The real story behind Baileys Irish Cream and other great drinks brands

gluckman book comp‘‘That s*it will never sell!’’ is the title of David Gluckman’s autobiographical book that reveals the astonishing working life of one of the greatest innovators in the drinks industry. Just as incredible is that fact David’s career was launched after creating the Baileys liqueur in just 30 seconds…
At a fabulous evening with David Gluckman hosted by Regents University in London, the extremely modest but charismatic creator behind some of the most recognisable drink brands revealed that as a boy growing up in South Africa his mother had encouraged him to pursue a legal career. David opted, however, to study psychology at university where he spent many hours studying rats. He believes such research gave him the “perfect credentials” for entering advertising! He did just that, becoming an account executive, then emigrating to the UK in 1961 to work in various advertising agencies.

After his “transformation” into a product development consultant he set up a business in London’s Soho district with copywriter Hugh Reade Seymour-Davies. David contrasted his no-nonsense approach to the business compared with some contemporary product developers who boast of “breaking paradigms” and “thinking outside the box”. His response is: “After nearly fifty years in the business, it definitely wasn’t rocket science!” He prefers to place emphasis “common sense”.

David Gluckman and partner Hugh Reade Seymour-Davies named Baileys after a bistro next to their office in London's Soho district.
David Gluckman and partner Hugh Reade Seymour-Davies named Baileys after a bistro next to their office in London’s Soho district.

David’s big break came in 1973 when shortly after launching the business, the “Irish Brief” came in to his office from International Distillers & Vintners (IDV later to become Diageo): “Someone in Ireland said to someone in London who said to me: ‘We need an alcoholic beverage brand for export.’” IDV was keen to capitalise on Ireland’s favourable tax regime for exporters.

At this critical point, David drew upon his experience with the Kerrygold butter brand that he had worked on for Tony O’Reilly, the Irish billionaire businessman and international rugby union player. David wondered if Ireland’s reputation for dairy produce could inspire an alcoholic beverage. In an instant, David and Hugh went off to buy cream, Irish whiskey and later drinking chocolate powder. It took just 45 minutes to get the resulting concoction produced after their lightning idea and it was swiftly presented to their client Tom Jago at IDV. Tom considered the idea “amazing” and the company’s technical staff began turning the idea into a drinkable reality.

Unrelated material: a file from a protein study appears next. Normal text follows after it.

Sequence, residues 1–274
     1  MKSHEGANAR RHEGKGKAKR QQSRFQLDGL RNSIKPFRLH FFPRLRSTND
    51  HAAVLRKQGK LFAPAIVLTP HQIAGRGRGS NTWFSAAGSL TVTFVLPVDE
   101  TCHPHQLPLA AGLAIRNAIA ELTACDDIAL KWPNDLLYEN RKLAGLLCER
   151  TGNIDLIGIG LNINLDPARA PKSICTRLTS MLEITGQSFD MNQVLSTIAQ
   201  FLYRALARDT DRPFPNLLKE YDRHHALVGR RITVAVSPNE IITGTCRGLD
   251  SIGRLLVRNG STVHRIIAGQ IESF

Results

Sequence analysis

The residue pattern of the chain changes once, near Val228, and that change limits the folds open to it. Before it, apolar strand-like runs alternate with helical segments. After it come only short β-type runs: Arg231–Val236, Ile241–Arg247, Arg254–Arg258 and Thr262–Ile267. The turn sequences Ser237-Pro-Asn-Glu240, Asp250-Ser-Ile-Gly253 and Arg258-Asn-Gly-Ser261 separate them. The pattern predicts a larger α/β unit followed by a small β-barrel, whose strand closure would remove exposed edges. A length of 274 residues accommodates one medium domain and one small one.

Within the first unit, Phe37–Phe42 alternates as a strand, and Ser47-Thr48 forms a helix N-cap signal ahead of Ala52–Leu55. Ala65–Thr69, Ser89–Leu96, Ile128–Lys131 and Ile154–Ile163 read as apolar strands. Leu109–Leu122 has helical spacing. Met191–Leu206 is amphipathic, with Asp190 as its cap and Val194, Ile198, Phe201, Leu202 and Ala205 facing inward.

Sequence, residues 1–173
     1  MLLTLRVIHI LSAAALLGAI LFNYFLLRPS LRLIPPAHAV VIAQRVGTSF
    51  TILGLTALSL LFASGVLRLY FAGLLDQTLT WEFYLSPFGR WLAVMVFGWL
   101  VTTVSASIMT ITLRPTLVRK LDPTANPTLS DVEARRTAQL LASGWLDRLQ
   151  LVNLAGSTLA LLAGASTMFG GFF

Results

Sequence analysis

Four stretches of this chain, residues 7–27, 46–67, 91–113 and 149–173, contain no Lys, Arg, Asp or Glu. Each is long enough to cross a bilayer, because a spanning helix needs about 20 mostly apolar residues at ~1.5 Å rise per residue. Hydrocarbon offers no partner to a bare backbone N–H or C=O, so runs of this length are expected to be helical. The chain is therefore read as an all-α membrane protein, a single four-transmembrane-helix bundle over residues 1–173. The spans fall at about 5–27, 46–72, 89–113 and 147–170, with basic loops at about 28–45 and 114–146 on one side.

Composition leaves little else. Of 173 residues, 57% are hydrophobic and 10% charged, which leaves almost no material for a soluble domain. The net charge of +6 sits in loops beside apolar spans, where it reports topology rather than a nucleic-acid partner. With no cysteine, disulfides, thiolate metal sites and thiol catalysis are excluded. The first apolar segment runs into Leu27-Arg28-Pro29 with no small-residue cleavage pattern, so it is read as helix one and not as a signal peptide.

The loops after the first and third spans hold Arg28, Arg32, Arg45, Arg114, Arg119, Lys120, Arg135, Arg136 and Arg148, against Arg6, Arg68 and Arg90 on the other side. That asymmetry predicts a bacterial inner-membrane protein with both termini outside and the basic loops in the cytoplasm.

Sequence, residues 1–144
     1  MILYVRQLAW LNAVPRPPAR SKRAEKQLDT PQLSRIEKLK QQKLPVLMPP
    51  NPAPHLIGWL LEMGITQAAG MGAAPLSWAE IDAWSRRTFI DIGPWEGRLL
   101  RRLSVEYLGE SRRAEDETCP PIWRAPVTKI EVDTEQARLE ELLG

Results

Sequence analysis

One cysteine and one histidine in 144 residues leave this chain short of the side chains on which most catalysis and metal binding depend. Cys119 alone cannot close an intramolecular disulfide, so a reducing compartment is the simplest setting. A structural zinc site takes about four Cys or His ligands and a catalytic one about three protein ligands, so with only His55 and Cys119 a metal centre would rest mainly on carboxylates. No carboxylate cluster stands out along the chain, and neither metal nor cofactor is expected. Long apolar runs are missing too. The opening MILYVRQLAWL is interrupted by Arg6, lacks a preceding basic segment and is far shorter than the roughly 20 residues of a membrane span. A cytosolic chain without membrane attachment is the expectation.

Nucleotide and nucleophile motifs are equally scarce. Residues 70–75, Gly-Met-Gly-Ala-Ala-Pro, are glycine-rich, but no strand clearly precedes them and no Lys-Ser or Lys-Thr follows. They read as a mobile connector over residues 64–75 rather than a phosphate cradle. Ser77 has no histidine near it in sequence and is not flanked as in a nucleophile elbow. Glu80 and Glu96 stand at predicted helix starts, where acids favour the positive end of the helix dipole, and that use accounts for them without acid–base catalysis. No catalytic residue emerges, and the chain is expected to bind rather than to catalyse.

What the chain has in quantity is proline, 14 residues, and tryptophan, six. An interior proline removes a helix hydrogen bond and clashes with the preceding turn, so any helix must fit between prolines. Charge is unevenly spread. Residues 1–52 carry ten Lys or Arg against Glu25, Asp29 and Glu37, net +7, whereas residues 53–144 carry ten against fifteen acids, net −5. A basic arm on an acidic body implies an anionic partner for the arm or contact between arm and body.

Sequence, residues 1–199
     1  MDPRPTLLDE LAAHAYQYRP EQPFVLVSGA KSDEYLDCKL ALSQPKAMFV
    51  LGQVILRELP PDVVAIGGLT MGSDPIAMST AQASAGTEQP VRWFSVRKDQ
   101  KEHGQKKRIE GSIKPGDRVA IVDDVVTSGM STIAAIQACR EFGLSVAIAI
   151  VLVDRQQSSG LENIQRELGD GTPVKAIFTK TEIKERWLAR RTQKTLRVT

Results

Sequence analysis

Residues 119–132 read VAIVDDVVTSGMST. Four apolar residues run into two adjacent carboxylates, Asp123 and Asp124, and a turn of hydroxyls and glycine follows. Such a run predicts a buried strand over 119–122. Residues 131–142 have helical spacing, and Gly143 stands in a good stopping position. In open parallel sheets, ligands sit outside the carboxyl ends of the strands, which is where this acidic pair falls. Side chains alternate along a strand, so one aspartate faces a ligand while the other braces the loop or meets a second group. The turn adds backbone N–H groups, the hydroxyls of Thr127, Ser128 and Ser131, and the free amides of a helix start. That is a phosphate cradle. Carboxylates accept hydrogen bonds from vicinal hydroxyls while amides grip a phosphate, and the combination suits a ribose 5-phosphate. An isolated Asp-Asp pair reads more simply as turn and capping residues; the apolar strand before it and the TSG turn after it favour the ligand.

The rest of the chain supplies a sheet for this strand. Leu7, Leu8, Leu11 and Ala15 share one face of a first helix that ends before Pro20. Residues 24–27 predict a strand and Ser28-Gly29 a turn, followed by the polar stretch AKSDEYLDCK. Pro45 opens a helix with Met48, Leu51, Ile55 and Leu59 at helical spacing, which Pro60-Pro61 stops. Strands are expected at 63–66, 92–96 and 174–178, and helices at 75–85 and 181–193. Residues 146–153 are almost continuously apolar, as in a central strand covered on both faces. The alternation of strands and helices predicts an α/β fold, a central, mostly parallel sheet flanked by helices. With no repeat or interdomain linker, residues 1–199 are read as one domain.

Meanwhile, David and Hugh named the drink after Bailey’s bistro next to their office while their secretary’s husband who was a designer later produced the label for the liquor that was launched a year later. Success was not instant, however, for the brand. David observed: “It takes a long time for successful brands to happen. Baileys didn’t amount to anything for seven years.” Baileys now accounts for more than half of all spirits exported from Ireland with a glass of the liqueur being consumed every 30 seconds somewhere on the planet.

A succession of drink innovations then followed, with mixed success, including one for Diageo to fulfil the brief of creating a premium Smirnoff to compete with Absolut vodka. David seized upon an idea inspired by the 1818 foundation date of the world-famous vodka bottle. He discovered the spirit was originally made using a pot still method that created a smoother, mellower vodka. The result was Smirnoff Black.

Gluckman's Tanqueray No Ten was launched in 2000 and has since earned widespread acclaim.
Gluckman’s Tanqueray No Ten was launched in 2000 and has since earned widespread acclaim.

David’s innovative flair also extended to the gin world. During a visit to a gin distillery, while sitting on sacks of dry juniper berries that forms the predominant flavour in the spirit, he asked the makers if fresh junipers could be used instead. The result was Tanqueray Ten, considered by many of the world’s leading mixologists to be one of the best gins for a martini because of its elegant ‘fresh citrus core’ flavour.

As a major force in the business of creating new ideas for drink brands for almost 50 years, David Gluckman’s cabinet of creations is stunning: Le Piat d’Or, Purdey’s, Aqua Libra, Cîroc, The Singleton, Coole Swan and others. His favourite idea (that has yet to be fully realised) remains a Distilled Guinness that could be produced using traditional whisky-making methods. It was interesting to note that after Baileys his clients would only receive one solution to a brief rather than a multitude of proposals.

David concluded his fascinating presentation with some sharp observations based upon his remarkable career. These invaluable insights for anyone engaged in creative, advertising and innovation work today include:

*Ideas only work when they are commissioned by top management. (They have the authority to turn an idea into reality)
*Look at the research you’ve done: it’s a goldmine. (It can save you time and money)
*If you do your own research, you know when to stop. (Learn how to do market research, its invaluable)
*You can always create a better product. (David did many times over!)
*In the world of ideas, the buyer is the real hero. (They make the concept a reality)

Above all, David’s reflection that: “If you don’t know what you can’t do, you can do anything!” embodies the spirit of this audacious, enterprising, inspirational and thoroughly modest genius.

As for the book’s intriguing title? You will just have to read a copy of this remarkable tour de force around David Gluckman’s astonishing career to find out which of his many creations this refers to…

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